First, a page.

Anissa Jones, notable for playing Buffy in Family Affair, was another sad case. When the show ended its run in 1971, she tried to find work in films, but no roles were coming. Brian Keith, who played her uncle on Family Affair, wanted to give her a part in his new TV project, but she no longer wanted to work in TV. Jones later fell into drug addiction, and died in 1976 of an overdose at age 18. One contributing factor to her problems may have been that the producers and writers literally didn't let her grow up—even though she had hit puberty by the time the series ended, she was still forced to act and appear as a preteen.
Other than the Olsen Twins, just about all of the child/teenage actors who starred in Full House have fallen out of the limelight.
Jodie Sweetin in particular stands out as an example of this trope played straight. Facing an inability to find further work and a traumatic social life due to being typecast as Stephanie Tanner, she became an alcoholic and a habitual user of marijuana, cocaine, LSD and most famously, meth. However, she seems to have gotten her life back on track, has published a memoir about her drug addiction, and is now seeking a Career Resurrection.
Candace Cameron has since bounced back a bit, now appearing on Make It Or Break It. Not as well-known or massive as Full House was in its time, but still a noteworthy performance. A devout Christian like her brother Kirk Cameron (see corresponding entry), the worst she did was marry young.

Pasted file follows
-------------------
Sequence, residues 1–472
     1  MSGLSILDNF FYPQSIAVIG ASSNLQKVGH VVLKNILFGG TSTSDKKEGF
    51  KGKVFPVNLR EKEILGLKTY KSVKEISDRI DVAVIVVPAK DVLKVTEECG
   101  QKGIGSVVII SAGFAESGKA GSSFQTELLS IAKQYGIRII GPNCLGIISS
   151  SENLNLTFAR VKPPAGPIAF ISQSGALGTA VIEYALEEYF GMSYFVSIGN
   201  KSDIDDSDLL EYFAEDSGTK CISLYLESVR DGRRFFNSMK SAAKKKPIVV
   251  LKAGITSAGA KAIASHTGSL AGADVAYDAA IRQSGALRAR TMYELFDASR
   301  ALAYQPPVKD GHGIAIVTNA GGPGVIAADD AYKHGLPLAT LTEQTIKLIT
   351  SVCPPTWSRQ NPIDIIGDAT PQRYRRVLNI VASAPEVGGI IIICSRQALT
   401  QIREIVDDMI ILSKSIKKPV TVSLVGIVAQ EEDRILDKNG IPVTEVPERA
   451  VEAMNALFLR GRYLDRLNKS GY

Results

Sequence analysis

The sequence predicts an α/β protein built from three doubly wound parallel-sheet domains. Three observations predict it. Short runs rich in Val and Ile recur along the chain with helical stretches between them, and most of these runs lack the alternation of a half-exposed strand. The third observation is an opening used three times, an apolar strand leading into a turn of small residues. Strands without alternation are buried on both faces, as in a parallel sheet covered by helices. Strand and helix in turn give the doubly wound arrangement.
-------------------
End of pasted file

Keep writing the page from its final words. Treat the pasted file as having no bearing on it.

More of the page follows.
Leif Garrett is an example of this, a child pop star who got embroiled with drugs and scandals. Currently a commentator on Tru TV's Worlds Dumbest alongside fellow former child stars Danny Bonaduce and Todd Bridges.
There is an interesting contrast between the two stars of Guest from the Future. Natalia Guseva acted in a few more movies, but decided to become a scientist instead. Now, she not only works as a biochemist, but also is still involved with the fan community, and is raising a daughter. Meanwhile, Alexei Fomkin had a few more roles, but got into drug problems, which caused him to lose roles and spiral further downward. He quit acting and moved to a village, which seemed to be straightening him out. Sadly, he died in 1996 when his apartment burned.